Being Right or Being Happy: The Consequences of Mismanaged Anger
I was asked the following question, “Why do I always have to be the one to control my anger? Why is it always me? My wife gets to say her piece, but when I do, I am ‘out of control’”. I agree that there is some stereotyping that only men have anger problems and only men need to control their anger. There are women with anger problems, too. Some people really are more hotheaded than others; they get angry more easily and more intensely than the average person. There are also those who don’t show their anger in loud spectacular ways, but are chronically irritable and grumpy. People who are easily angered have a low tolerance for frustration, meaning simply that they feel they should not have to be subjected to frustration, inconvenience or annoyance. They can’t take things in their stride and they are particularly infuriated if the situation seems somehow unjust: for example, being corrected for a minor mistake.
Anger Has Consequences
There are consequences of becoming so angry that you lose control. I worked with a client who was physically violent towards his wives, divorced twice, fired twice, chased out of a store by a manager because of swearing at the salesperson, and deliberately ramming his car into the rear end of another car on the expressway in road rage. Things were not going his way. What to do?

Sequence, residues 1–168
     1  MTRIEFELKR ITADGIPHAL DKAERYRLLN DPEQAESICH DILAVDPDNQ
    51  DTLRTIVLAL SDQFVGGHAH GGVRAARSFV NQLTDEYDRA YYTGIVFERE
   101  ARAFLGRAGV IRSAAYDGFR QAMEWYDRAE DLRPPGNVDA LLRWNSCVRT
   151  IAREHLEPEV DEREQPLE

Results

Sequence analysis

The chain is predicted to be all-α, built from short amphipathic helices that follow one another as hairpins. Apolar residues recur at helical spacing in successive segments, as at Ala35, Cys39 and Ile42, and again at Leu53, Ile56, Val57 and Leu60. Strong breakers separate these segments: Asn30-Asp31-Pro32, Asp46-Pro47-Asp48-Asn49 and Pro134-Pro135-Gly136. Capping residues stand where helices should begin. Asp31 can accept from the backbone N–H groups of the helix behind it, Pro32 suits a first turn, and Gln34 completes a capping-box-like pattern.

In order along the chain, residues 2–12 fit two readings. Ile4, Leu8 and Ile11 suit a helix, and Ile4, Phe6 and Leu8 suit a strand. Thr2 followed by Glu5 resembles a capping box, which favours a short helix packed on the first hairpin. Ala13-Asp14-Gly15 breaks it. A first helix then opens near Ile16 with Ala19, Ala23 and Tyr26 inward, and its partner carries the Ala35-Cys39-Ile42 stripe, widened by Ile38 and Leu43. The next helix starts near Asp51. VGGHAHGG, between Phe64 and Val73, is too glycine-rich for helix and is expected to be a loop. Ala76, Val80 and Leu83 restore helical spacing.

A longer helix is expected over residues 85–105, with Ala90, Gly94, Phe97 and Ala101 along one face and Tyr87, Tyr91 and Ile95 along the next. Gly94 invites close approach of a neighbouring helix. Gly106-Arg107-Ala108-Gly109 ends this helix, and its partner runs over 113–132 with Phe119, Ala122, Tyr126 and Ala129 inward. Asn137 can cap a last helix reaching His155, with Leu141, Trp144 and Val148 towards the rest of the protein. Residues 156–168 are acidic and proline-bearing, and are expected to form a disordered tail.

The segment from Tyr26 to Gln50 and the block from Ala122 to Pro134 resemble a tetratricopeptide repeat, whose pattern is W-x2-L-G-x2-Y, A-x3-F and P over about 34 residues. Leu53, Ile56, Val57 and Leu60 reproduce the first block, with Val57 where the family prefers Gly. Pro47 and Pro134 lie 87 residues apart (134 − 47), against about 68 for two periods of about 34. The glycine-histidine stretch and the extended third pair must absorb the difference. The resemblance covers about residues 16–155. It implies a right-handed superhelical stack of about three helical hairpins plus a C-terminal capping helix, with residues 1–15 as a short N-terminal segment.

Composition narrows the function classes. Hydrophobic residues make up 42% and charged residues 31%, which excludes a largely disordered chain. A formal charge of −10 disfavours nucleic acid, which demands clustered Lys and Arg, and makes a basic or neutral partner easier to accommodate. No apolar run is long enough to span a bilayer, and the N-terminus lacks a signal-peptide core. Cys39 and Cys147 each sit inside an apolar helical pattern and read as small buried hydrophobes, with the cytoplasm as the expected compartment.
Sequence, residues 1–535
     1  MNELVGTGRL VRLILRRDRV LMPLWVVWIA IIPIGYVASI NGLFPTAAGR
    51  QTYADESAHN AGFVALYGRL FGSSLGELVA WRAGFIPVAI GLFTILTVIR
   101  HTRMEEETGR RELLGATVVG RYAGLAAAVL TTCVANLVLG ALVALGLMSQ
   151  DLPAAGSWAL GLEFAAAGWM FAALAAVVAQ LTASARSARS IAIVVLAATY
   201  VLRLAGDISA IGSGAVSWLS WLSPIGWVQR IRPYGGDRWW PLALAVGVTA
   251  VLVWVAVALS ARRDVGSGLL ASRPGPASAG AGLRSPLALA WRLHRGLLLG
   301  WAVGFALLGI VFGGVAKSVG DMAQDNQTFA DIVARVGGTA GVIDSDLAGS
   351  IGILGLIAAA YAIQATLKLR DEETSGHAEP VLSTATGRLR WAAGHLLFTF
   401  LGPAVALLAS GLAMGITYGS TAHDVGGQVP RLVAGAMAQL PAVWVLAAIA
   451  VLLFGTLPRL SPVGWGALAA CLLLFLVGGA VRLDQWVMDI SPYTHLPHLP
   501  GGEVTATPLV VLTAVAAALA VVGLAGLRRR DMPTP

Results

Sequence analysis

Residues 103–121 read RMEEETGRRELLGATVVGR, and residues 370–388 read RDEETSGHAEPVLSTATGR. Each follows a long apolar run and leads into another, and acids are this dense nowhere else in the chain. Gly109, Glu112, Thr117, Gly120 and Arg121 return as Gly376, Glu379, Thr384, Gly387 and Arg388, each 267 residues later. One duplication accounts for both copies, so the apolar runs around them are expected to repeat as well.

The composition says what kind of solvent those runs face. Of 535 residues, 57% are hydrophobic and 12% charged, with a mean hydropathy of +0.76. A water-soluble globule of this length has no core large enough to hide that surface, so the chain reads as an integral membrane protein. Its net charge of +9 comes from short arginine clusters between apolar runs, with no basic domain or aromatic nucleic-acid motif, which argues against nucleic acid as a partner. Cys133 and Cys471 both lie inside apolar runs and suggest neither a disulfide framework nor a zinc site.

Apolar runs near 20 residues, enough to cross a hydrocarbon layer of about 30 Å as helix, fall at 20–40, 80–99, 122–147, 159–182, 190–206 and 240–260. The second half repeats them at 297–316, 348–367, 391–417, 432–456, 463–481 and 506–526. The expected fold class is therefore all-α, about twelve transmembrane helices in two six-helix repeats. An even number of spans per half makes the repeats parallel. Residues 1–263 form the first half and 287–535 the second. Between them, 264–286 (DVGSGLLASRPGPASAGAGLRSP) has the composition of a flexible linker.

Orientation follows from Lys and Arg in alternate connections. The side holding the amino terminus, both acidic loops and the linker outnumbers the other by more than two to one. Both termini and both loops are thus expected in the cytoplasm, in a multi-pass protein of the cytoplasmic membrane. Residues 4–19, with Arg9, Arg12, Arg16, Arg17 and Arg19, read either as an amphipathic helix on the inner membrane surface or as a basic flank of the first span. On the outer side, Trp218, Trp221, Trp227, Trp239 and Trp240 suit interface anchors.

The problem isn’t anger itself; it is expressing anger in an appropriate way. With anger, some people can tell others they are annoyed or even irate without totally losing control. Others are unable to even raise their voice without going over the top. Letting it rip actually escalates anger and aggression and does nothing to help you or the person with whom you are angry or to resolve the situation. Trying to gain control and change this behavior on your own and failing time and again becomes a shaming and depressing cycle. There are spouses and children who live in fear of being at home. It takes a long time for the victims of verbal abuse to get over the emotional pain. No matter how short the argument, it can leave a person damaged and even suicidal. Typically, people who are easily angered come from families that are disruptive, chaotic, and not skilled at emotional communications.
There is hope that you can calm the rage and stop the destruction before it overflows into the lives of those you love. If we can help you or someone you love, give us a call. Dr. Perry Weingart is experienced in anger management counseling which makes men accountable for their own actions, for controlling their own tempers, and understand that sometimes it is better to be happy than to be right.